one of said plurality of rolls for stretching said pressure belt being a pressure roll which is located in a press contact portion where said pressure belt is forced to contact said heat-fixing roll on a downstream side in a direction of rotation of said heat-fixing roll, said pressure roll being pressed against said heat-fixing roll so that said first resilient layer undergoes compressional deformation;
an auxiliary pressure roll being provided on an upstream side of the press contact portion and forced to contact said heat-fixing roll via said pressure belt;
a soft, second resilient layer formed of material not harder than the material used to form said first resilient layer, and being formed on the peripheral surface of said auxiliary pressure roll; and
wherein the press contact force of said auxiliary pressure roll with respect to said heat-fixing roll is set so that the sum of the press contact force thereof and the press contact force caused by the tension of said pressure belt made to contact and be wound around said heat-fixing roll is substantially equal to or greater than the pressing force of said pressure roll.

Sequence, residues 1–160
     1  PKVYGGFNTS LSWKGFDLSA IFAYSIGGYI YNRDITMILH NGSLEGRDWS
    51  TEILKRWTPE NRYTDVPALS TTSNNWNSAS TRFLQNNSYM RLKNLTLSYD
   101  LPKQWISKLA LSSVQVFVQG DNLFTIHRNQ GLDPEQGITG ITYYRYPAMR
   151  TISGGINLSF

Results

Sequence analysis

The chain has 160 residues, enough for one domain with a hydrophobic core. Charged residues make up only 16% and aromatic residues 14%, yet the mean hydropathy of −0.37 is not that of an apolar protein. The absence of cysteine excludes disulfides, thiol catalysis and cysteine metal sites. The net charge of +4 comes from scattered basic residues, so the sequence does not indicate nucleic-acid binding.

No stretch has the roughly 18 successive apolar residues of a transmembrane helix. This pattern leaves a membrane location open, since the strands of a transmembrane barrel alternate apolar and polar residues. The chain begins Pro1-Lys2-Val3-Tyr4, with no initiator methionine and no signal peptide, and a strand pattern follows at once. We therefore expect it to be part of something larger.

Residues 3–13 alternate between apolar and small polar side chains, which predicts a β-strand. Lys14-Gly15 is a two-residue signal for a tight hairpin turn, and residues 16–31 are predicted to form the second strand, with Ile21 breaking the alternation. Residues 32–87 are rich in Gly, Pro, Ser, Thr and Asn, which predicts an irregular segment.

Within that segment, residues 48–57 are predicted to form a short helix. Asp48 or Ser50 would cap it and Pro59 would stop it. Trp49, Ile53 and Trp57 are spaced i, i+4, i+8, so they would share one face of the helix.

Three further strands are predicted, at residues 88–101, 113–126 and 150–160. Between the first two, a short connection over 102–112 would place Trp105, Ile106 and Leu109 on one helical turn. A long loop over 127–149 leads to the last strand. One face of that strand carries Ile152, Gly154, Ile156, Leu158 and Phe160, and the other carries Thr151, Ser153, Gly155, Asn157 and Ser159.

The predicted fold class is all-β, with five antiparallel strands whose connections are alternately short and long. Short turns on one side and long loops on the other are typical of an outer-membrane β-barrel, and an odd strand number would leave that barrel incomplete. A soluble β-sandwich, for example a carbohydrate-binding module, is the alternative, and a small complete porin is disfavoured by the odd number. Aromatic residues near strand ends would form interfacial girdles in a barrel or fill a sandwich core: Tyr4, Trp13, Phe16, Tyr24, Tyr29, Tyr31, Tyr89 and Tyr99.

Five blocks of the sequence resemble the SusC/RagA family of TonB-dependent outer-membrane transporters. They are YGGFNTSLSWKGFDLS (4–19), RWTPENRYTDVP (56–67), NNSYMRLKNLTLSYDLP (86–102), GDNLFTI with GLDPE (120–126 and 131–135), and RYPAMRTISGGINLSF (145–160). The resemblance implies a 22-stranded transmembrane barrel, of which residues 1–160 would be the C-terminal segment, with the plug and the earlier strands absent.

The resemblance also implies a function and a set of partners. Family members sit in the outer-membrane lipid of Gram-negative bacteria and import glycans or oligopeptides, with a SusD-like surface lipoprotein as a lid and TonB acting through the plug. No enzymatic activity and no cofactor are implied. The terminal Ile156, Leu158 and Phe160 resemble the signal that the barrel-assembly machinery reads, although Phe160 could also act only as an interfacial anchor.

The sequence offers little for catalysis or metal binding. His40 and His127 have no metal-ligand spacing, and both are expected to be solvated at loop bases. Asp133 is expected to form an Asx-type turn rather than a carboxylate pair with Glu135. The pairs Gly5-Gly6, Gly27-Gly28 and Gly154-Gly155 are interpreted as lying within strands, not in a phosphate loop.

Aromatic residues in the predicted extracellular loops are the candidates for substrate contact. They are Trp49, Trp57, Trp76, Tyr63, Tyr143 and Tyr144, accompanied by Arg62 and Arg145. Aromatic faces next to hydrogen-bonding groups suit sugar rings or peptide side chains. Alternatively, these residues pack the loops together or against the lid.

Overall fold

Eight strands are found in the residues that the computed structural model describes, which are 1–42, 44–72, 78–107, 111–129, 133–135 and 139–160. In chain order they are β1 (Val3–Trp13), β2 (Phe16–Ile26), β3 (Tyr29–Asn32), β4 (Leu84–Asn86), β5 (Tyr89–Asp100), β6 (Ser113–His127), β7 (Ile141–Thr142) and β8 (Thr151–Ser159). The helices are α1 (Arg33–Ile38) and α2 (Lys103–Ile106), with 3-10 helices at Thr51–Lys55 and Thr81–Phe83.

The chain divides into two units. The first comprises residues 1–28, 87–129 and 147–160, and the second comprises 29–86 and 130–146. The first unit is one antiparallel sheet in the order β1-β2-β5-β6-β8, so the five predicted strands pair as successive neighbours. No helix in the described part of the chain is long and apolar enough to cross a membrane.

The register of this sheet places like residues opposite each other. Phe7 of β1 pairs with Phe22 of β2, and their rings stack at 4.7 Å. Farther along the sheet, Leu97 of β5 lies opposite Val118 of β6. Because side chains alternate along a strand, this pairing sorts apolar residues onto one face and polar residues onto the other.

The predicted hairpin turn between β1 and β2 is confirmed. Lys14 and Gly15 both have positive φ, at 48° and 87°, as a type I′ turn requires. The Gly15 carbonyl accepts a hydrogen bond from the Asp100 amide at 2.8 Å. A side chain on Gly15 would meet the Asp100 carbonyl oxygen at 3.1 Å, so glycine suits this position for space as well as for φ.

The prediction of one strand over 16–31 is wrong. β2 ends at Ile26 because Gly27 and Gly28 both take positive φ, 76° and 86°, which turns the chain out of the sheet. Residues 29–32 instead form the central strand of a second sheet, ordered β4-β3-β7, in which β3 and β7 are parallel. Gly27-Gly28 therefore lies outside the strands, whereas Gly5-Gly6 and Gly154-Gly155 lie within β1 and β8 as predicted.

2. The fixing apparatus of claim 1, wherein distortion of the surface of said first resilient layer, in the circumferential direction, resulting from forcing said auxiliary pressure roll to contact said heat-fixing roll is not greater than 0.5%.
3. The fixing apparatus of claim 1, wherein distortion of the surface of said first resilient layer, in the circumferential direction, resulting from forcing said auxiliary pressure roll to contact said heat-fixing roll is in the range of 0.1% to 0.5%.
4. The fixing apparatus of claim 1, further comprising: a temperature sensor positioned adjacent to said pressure roll and used to control the temperature of said heat-fixing roll.
5. The fixing apparatus of claim 4, wherein the peripheral surface of said pressure roll is covered with a layer made of material harder than the material used for forming said resilient layer.
6. The fixing apparatus of claim 4, wherein the peripheral surface of said pressure roll is covered with a layer of material that is heat resistant to temperatures higher than the melting point of toner.
7. A fixing apparatus, comprising:
a heat-fixing roll having heating means and being driven to rotate; and